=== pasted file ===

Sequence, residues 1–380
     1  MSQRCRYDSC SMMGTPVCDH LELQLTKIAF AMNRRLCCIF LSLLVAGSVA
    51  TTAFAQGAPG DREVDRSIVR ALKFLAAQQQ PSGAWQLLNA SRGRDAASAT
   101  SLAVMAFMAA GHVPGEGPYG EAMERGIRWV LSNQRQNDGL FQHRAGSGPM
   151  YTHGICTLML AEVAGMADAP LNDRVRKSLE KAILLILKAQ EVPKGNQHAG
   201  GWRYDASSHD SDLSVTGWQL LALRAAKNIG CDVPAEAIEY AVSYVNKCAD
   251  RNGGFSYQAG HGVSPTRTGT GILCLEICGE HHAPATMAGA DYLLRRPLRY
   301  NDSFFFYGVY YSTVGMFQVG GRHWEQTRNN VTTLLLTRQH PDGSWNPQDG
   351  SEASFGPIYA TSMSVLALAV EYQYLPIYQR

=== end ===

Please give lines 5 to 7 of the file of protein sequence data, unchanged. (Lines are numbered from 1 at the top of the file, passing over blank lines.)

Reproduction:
   151  YTHGICTLML AEVAGMADAP LNDRVRKSLE KAILLILKAQ EVPKGNQHAG
   201  GWRYDASSHD SDLSVTGWQL LALRAAKNIG CDVPAEAIEY AVSYVNKCAD
   251  RNGGFSYQAG HGVSPTRTGT GILCLEICGE HHAPATMAGA DYLLRRPLRY